Six Day Series broadens horizons with new Australian events

Cycling’s Six Day Series has expanded outside Europe for the first time with the addition of new events in Melbourne and Brisbane, the latter of which will form part of a new cycling festival for the Australian city.

The track cycling competition has unveiled its calendar for the 2018-19 season, with Brisbane to host the final from April 12-14.

The Brisbane Cycling Festival will include the Six Day Series, a national road series event and the Australian Track Championships, all of which have been secured for a three-year period spanning 2019 to 2021.

Queensland’s Minister for Tourism Industry Development, Kate Jones, said: “Queensland just hosted a raft of cycling events during the Commonwealth Games and this new event is a great opportunity to again showcase the state-of-the art Anna Meares Velodrome – one of the great pieces of infrastructure left behind as a legacy of the Games.

“Together we expect these events to inject upwards of Aus$8m (€5.07m/$5.92m) into our economy each year of the three-year deal. Cycling is quickly growing in popularity with almost four million Aussies regularly riding a bike. This together with the high calibre of Australian and international elite talent who will compete in the festival is sure to attract national and international participants to Queensland’s capital.”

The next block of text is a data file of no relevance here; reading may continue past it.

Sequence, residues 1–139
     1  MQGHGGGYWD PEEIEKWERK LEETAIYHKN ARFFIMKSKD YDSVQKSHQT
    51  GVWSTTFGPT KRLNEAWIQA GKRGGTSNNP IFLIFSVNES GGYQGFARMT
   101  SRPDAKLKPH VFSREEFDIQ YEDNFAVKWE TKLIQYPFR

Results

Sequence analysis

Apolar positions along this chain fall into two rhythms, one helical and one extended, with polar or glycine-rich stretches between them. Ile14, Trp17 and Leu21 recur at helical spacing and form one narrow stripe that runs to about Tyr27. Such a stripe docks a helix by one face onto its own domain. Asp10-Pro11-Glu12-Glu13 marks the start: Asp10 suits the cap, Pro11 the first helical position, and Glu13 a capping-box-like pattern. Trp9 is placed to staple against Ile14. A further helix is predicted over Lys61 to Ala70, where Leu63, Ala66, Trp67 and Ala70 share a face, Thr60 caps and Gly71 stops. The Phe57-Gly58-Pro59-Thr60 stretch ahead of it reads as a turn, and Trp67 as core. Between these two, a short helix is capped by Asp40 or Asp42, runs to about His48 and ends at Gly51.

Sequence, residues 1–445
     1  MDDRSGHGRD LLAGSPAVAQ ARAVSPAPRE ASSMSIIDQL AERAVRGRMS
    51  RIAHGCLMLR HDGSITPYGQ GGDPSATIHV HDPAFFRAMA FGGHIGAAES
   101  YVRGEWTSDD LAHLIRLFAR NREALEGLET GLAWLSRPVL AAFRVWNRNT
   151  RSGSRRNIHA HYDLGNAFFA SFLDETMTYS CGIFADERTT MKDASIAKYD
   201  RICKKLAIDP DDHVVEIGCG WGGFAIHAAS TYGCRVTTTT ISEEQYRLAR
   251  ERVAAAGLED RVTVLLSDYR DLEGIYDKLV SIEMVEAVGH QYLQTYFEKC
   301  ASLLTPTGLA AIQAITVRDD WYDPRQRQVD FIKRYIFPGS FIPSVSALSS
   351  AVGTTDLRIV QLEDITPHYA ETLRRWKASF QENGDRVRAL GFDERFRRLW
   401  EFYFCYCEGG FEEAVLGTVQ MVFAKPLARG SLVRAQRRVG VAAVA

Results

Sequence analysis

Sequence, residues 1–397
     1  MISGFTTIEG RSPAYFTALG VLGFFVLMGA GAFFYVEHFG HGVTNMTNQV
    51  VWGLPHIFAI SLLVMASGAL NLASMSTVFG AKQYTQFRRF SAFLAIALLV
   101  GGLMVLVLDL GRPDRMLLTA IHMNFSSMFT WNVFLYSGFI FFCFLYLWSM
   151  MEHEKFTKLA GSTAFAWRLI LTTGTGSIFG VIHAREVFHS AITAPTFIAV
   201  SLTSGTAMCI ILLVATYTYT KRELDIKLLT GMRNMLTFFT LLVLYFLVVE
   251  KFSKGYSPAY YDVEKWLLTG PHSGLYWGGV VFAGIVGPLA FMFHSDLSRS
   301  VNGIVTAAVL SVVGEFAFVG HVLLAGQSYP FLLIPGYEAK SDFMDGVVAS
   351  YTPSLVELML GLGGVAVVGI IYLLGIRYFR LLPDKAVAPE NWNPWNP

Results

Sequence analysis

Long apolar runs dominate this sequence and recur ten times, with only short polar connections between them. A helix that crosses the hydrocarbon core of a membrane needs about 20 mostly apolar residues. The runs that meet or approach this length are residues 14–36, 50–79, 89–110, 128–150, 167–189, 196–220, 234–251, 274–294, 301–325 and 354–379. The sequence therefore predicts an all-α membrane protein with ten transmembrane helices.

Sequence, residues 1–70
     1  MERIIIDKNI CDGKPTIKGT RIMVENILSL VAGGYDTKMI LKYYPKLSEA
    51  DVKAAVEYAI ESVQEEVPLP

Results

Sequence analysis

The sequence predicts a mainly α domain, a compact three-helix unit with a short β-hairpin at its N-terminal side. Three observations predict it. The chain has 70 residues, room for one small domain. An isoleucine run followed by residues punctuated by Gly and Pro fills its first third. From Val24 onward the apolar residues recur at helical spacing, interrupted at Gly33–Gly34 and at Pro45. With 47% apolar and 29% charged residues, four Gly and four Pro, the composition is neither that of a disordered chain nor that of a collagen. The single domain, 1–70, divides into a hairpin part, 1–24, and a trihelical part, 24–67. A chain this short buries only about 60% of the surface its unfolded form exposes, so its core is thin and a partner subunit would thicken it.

The Six Day Series will take to Melbourne from February 7-9, while it will also debut in the English city of Manchester from March 22-24.

The calendar will open in London on October 23-28 and will also incorporate events in Berlin, Germany (January 24-29) and Copenhagen, Denmark (January 31-February 5).

Most recent

Formula One is likely to implement virtual advertising more widely in its global broadcast feed following its sponsorship and data rights partnership with ISG. But the sport needs to be careful not to fall foul of broadcast regulations concerning product placement. Ben Cronin reports

German football has earned praise for its blend of ideological purity and commercial nous, but calls to reform restrictions on private ownership and investment are growing. With the Bundesliga’s media rights coming to market, Callum McCarthy explores how the league’s commercial performance over the next 18 months could shape its long-term future.

Paul Rabil, who, with his brother Mike, started up the Premier Lacrosse League in the US, talks to Bob Williams about how they plan to make a success of the new league and about the challenges of setting up a new sports league from scratch.

After suffering early growing pains, the Big3 basketball league appears to have found its feet ahead of its third season this summer. Bob WIlliams reports.